“The Fantastical Flying Exploratory Laboratory” by LES ENFANTS TERRIBLES
Commissioned by Without Walls

"H.O.H." by FAR FROM THE NORM Commissioned by Without Walls

“H.O.H.” by FAR FROM THE NORM
Commissioned by Without Walls

 Commissioned by Without Walls LANCE MOI DANS L’AIR LANCE MOI DANS L’AIRZoom inRead more "Lance Moi Dans L'Air" by JOLI VYANN Commissioned by Without Walls


Commissioned by Without Walls
LANCE MOI DANS L’AIR
LANCE MOI DANS L’AIRZoom inRead more
“Lance Moi Dans L’Air” by JOLI VYANN
Commissioned by Without Walls

"Miss High Leg Kick's Audition Project" by FRANCESCA BAGLIONE/MISS HIGH LEG KICK Supported by Without Walls

“Miss High Leg Kick’s Audition Project” by FRANCESCA BAGLIONE/MISS HIGH LEG KICK
Supported by Without Walls

"Masquerade" by YELLO BRICK Commissioned by Without Walls

“Masquerade” by YELLO BRICK
Commissioned by Without Walls

"Project_Vee" by CIRCUS GEEKS X PANGOTTIC Commissioned by Without Walls

“Project_Vee” by CIRCUS GEEKS X PANGOTTIC
Commissioned by Without Walls

"Phone Box" by COREY BAKER DANCE Commissioned by Without Walls

“Phone Box” by COREY BAKER DANCE
Commissioned by Without Walls

Opening Weekend Programme Announced

GDIF is delighted to announce programme highlights for the opening weekend of this year’s Festival.

As part of the Royal Greenwich Festivals, kicking off on Friday 26 June at 20:03 precisely, La Compagnie Oposito will be making a welcome return with their latest processional production Kori Kori.

On Saturday 27 and Sunday 28 June, Greenwich Fair will be unpacking a massive two day programme of outdoor arts, with a particular focus on circus for 2015, whilst across the river in Tower Hamlets the London premiere of a new outdoor production, 451, will feature inventive storytelling, fire and special effects.

More details of our opening weekend programme appear below. We’ll be revealing further exciting plans for the rest of this year’s GDIF (26 June – 5 July) later this month, so save the dates in your diary now!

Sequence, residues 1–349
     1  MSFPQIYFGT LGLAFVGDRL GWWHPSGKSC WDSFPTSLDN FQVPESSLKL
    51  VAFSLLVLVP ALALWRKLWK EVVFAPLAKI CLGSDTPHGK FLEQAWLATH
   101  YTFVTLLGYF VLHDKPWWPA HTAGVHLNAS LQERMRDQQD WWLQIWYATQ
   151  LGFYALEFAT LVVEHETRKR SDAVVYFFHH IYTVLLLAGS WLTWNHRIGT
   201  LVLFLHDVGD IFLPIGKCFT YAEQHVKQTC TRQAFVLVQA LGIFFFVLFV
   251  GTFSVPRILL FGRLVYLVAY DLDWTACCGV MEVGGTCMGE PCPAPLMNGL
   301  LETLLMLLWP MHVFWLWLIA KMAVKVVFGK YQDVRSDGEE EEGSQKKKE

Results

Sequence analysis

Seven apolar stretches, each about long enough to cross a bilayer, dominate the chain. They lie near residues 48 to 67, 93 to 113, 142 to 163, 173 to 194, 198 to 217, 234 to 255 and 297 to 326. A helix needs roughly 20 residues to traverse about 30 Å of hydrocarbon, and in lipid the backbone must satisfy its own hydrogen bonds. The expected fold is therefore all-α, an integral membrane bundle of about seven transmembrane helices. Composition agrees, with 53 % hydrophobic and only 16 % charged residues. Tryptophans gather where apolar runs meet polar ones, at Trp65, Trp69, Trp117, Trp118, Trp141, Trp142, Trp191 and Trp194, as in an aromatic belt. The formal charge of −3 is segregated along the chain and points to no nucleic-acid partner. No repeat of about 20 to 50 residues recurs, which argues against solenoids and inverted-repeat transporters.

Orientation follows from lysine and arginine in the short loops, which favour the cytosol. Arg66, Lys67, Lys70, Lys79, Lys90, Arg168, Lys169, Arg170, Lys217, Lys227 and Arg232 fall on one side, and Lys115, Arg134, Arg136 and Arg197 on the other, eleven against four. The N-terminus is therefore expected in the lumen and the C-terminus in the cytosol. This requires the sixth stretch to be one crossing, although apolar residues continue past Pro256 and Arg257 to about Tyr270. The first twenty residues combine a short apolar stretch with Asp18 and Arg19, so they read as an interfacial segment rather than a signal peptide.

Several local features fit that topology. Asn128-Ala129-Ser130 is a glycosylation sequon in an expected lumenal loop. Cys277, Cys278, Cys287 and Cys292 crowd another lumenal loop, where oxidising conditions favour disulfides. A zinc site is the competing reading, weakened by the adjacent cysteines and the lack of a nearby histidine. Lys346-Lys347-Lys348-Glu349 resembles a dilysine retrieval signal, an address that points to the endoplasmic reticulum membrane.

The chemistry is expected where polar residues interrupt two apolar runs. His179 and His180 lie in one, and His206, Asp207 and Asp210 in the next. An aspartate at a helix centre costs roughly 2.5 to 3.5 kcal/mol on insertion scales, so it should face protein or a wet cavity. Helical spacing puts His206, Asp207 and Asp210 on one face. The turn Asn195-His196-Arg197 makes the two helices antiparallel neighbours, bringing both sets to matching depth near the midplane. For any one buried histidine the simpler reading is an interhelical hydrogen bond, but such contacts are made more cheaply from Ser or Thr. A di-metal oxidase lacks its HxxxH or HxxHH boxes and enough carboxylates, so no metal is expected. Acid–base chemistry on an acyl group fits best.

La Compagnie Oposito - Kori Kori

La Compagnie Oposito – Kori Kori

Kori Kori
Fri 26 June, 20:03
Greenwich, SE10
Presented by La Compagnie Oposito

This UK premiere leads audiences on a theatrical journey through Greenwich packed with colour, music and passion.
[Part of Royal Greenwich Festivals]

 

Gandini Juggling - 8 Songs

Gandini Juggling – 8 Songs

Greenwich Fair
27 June (12:00 – 21:00)
28 June (13:00 – 18:00)
Cutty Sark Gardens, Old Royal Naval College, Greenwich Park,
Greenwich, SE10

This weekend of European style outdoor street theatre and dance features artists from the UK, Belgium, France, Denmark and Spain.

15feet6 - Dynamite & Poetry

15feet6 – Dynamite & Poetry

Companies include: Southpaw Dance Company, Avanti Display, Artizani, Stefano di Renzo, Gandini Juggling,  Cathy Waller Company, StopGap Dance Company, Baroloso, Plunge Boom, TinCanCompany, Emergency Exit Arts, Travelling Light Circus, Toc de Fusta, The Human Zoo, 15feet6 and Collectif Malunés.

Collectif Mallunes - Trailler Sens Dessous Dessous

Collectif Mallunes – Trailler Sens Dessous Dessous

Offering the largest and most intensive programme of street arts in the capital, Greenwich Fair is an overload of unconventional theatrical experiences, from a musical performance on a stage filled with water, to juggling reinvented to 8 classic Rock & Roll tracks, a choreographed fairground Carousel and an explosive acrobatic experience.